If you're reading this you've surely played the co-operative game Pandemic (Z-Man Games). Working together to save the world from disease has become a board game paradigm. Pathogenesis, from WIBAI Games, turns it on its head. In this game, 2–4 players are still working co-operatively (which means the game also works as a solitaire) but this time, the players represent the diseases. They are working together to defeat a human host's immune system. As an alternative, Pathogenesis can be played competitively, with players each trying to score the most points of damage to the body.
Designers Loren and Jamie Cunningham have developed the game with scientific illustrators Somersault1824 (Luk Cox and Idoya Lahortiga) and have given it a healthy veneer of medical jargon but don't let that put you off. You don't need to be able to tell your Hyaluronidase from your Adhesin or your Clostridium Alpha toxin from your Streptococcal Pyrogenic Exotoxin B because, in practice, you're just looking at the colours and symbols on the cards. The scientific nomenclature is really just part of the flavour text: it might potentially be useful if you're a medical student playing this game as part of your exam revision but the rest of us don't need to worry about it. Pathogenesis is a deck builder in the tradition of Ascension (Stone Blade). Players all start off with a hand of weak generic bacteria that will barely inflict the sniffles but you'll be acquiring cards to mutate your germs into more deadly pathogens. As players replace their weak starter cards with those that are more powerful, so they increasingly specialise their focus of attack on one of the three of the body's metabolic systems.
On your turn, you'll be expending the genetic value of cards played from your hand to acquire new cards from the Active Gene Pool; and/or you'll be playing cards for their actions. When you play a card for its action, you place it in front of you as an active pathogen. If you have toxins or traits that match up with the symbol(s) on an active pathogen then you can add them to mutate and modify that pathogen. Active pathogens must always attack the body each turn. While the body has Immune System Barrier cards still in place, your attacks are measured against these cards and your attack value has to at least match the defence value shown on the barrier card. Whether playing co-operatively or competitively, you need to break through an area of the body's immune system barrier before you can score points by attacking body tissue. And when a player succeeds in exhausting an Immune System Barrier, this triggers a much more aggressive Immune System Response, where there's a high chance that your active pathogens will be wiped out or at least tagged with a specific antibody token. The antibody tokens can make your pathogen more susceptible to subsequent Immune Response attacks.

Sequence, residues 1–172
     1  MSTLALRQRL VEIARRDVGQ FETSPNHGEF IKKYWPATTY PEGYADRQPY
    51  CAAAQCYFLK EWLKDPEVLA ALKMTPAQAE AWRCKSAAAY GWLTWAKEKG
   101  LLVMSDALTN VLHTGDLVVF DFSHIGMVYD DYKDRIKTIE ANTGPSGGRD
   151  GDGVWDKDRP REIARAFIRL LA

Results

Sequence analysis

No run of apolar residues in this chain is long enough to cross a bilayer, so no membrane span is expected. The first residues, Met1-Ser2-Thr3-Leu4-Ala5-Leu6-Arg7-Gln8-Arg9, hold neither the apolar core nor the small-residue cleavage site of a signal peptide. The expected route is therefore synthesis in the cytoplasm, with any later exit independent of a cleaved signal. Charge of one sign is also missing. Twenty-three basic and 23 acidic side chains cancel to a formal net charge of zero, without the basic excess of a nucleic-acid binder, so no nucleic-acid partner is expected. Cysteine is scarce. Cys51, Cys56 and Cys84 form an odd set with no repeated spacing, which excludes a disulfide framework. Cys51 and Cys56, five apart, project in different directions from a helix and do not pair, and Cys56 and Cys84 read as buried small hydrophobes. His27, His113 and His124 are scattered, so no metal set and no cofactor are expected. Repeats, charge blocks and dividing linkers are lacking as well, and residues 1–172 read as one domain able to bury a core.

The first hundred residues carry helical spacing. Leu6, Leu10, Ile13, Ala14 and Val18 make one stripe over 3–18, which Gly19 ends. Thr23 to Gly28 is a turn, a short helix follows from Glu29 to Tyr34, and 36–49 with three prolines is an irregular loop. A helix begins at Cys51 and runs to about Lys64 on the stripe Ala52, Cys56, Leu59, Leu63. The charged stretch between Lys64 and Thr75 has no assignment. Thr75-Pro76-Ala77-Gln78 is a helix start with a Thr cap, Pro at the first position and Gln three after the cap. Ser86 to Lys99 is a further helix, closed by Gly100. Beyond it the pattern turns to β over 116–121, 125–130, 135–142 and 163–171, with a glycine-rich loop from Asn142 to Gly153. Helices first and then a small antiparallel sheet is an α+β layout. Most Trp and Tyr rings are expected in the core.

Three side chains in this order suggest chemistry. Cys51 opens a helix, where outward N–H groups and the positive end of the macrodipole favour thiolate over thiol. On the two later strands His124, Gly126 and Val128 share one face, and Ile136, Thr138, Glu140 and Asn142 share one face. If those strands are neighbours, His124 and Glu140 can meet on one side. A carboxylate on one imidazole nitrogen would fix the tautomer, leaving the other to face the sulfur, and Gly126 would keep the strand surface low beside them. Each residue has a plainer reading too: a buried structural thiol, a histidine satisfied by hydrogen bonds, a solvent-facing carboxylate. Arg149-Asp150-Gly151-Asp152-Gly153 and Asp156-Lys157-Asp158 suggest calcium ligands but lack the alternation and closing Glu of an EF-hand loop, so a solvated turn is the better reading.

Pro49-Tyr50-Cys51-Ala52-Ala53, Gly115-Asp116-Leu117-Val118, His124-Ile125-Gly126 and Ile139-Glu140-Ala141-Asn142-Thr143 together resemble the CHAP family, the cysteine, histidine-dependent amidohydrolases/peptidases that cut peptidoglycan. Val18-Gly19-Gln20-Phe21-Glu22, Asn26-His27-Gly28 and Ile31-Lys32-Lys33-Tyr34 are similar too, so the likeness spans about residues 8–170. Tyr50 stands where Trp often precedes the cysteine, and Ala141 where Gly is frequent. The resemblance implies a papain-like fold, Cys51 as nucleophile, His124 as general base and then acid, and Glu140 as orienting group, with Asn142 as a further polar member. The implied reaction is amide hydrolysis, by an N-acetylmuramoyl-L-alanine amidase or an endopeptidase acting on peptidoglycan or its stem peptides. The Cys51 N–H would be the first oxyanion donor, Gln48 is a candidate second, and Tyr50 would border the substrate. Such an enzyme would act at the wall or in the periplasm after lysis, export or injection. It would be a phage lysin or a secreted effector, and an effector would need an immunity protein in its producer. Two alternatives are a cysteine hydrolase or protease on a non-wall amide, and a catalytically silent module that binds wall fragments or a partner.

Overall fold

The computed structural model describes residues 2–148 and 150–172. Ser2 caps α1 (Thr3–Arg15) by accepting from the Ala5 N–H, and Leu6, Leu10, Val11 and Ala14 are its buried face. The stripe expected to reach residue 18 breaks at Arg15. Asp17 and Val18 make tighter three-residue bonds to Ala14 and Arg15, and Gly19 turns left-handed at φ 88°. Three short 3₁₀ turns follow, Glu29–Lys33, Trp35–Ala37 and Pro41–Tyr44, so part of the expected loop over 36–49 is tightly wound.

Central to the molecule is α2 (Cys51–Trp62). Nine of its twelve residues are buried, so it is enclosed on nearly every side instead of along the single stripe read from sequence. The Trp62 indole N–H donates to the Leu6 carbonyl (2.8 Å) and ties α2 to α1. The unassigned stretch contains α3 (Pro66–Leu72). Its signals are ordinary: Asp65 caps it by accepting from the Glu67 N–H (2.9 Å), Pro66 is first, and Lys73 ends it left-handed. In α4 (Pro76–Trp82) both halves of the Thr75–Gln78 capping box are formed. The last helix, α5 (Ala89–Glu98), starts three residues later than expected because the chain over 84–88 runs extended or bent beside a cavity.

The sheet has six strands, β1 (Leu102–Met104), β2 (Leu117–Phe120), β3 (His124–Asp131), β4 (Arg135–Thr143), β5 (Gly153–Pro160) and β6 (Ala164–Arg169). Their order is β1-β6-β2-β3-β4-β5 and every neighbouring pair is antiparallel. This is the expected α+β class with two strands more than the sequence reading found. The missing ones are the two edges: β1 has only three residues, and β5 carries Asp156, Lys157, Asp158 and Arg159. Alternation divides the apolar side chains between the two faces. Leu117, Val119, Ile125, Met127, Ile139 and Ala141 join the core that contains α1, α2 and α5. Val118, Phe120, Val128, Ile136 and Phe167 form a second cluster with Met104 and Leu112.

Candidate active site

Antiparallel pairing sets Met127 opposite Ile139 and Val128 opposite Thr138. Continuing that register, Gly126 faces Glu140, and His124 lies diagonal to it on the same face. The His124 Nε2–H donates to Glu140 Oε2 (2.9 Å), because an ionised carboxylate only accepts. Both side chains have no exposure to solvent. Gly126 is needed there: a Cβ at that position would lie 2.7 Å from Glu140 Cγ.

There are lasting and temporary effects that players can put in place; for example, playing Environment cards that can make the body more vulnerable to attack; and Immune Responses can trigger a Fever as a defence mechanism. Fever cards primarily bulk out a player's hand and so reduce the effective number of cards the player has available for use on their turn.
Players win when they have depleted the body of its damage counters (the number the body starts with varies with the number of players). In co-operative or solo mode, the player(s) lose if the Immune Response deck runs out while the body still has damage counters.
This is in fact the second edition of the game, recently funded through Kickstarter. It's generally very well produced, with good quality cards, an indexed storage box and petri dishes to store the body damage tokens. It's unfortunate that a printing error means that the body boards don't slot together as seems to have been the intention, but that doesn't detract from the game. Those who backed this game in last year's Kickstarter campaign also received the Pathogenesis STD expansion. This can be incorporated into the base game to add the genitourinary tract and an additional set of genitourinary pathogens and traits, as well as an additional Collateral Damage mechanic that works on the principle that whatever doesn't destroy your pathogen makes it stronger.
We've been impressed with the versatility of Pathogenesis. There are few games that play just as well both co-operatively and competitively, and this game also offers a variant for team play, as well as scaleable difficulty levels for all modes of play. The scientific jargon didn't put off any non-scientists but it did help to pique the interest of my medically-qualified wife who might otherwise have been reluctant to come to the table to play a deckbuilder.
(Review by Selwyn Ward)